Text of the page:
The Third Rule of Negotiation: The One With The Least Interest Controls The Relationship
Chances are if you have went on a date in the last 30 years, you are at least vaguely familiar with the 3 day rule.
If you go out with someone on a first date, some invisible rule says that you aren’t supposed to call them until at least 3 days have passed after the date.
According to the legend of the 3 day rule, it is so that you don’t appear desperate.
And whether or not the 3 day rule is effective or not, it is built on a simple idea that holds true in almost any negotiation:
The party with the least interest controls the relationship.
If you find yourself engaged in a negotiation and you seem far more interested in an outcome than the other party – take a step back. Take a deep breath and evaluate the overall negotiation and what is your best alternative to negotiating an agreement. I learned somewhere along the way that this is also called a BATNA.
In any negotiation, if you find that you are the party who is clearly the most interested, one of the easiest ways to become less interested is to evaluate your BATNA. Think along the lines of “what would happen if I wasn’t able to negotiate an acceptable outcome here… then what?”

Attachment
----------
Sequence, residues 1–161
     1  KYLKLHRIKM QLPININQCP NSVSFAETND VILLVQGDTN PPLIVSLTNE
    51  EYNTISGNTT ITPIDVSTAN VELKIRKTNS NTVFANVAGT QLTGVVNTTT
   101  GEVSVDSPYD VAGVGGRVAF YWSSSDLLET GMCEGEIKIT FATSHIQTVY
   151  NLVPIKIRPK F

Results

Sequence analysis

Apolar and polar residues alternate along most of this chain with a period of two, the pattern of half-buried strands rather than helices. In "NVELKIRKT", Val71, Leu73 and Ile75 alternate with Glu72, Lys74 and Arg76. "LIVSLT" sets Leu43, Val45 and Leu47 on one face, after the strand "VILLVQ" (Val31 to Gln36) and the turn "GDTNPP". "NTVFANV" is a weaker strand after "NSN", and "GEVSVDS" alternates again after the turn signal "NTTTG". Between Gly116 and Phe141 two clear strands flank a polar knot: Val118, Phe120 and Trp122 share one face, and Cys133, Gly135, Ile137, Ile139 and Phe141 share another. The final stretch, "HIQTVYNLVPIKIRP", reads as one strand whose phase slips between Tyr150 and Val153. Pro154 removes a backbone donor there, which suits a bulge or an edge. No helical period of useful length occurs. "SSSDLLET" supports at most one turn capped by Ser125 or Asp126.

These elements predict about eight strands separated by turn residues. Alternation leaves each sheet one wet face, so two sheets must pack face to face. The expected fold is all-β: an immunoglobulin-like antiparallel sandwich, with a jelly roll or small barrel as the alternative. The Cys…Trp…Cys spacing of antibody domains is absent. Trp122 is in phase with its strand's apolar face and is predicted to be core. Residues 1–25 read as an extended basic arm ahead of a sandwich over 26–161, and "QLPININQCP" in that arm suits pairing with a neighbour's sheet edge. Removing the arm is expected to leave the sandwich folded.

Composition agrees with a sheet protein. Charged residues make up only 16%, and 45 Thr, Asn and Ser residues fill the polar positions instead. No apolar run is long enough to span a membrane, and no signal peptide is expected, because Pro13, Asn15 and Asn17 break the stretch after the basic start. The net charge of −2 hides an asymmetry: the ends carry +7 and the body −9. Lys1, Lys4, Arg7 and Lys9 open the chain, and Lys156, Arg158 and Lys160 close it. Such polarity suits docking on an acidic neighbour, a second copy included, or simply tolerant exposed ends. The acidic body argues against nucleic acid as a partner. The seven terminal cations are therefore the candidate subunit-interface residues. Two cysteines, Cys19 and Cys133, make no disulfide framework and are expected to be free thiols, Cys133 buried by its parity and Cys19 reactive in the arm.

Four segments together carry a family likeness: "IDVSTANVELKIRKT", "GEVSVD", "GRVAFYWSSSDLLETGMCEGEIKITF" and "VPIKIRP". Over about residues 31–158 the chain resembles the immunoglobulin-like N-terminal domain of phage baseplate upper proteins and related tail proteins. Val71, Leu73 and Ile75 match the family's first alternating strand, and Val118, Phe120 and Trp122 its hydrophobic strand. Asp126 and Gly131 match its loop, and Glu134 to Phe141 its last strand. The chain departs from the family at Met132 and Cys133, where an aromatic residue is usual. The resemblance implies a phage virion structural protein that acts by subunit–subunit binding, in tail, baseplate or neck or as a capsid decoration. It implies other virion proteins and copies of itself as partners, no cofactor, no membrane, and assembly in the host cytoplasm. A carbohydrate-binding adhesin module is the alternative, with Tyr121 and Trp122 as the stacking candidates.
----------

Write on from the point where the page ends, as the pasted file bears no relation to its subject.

Should you find yourself engaged in a negotiation and find that you are the most interested – you might be surprised how quickly the tables turn when you find a good BATNA.
Is being the most interested party in a negotiation a bad thing?
Unless you aren’t aware of the Third Rule of Negotiation.
Then you may just find yourself wondering why the other party seems to be at an advantage.
The First Rule of Negotiations: The First One To Talk Loses
The Second Rule of Negotiations: When You Are Explaining You Are Losing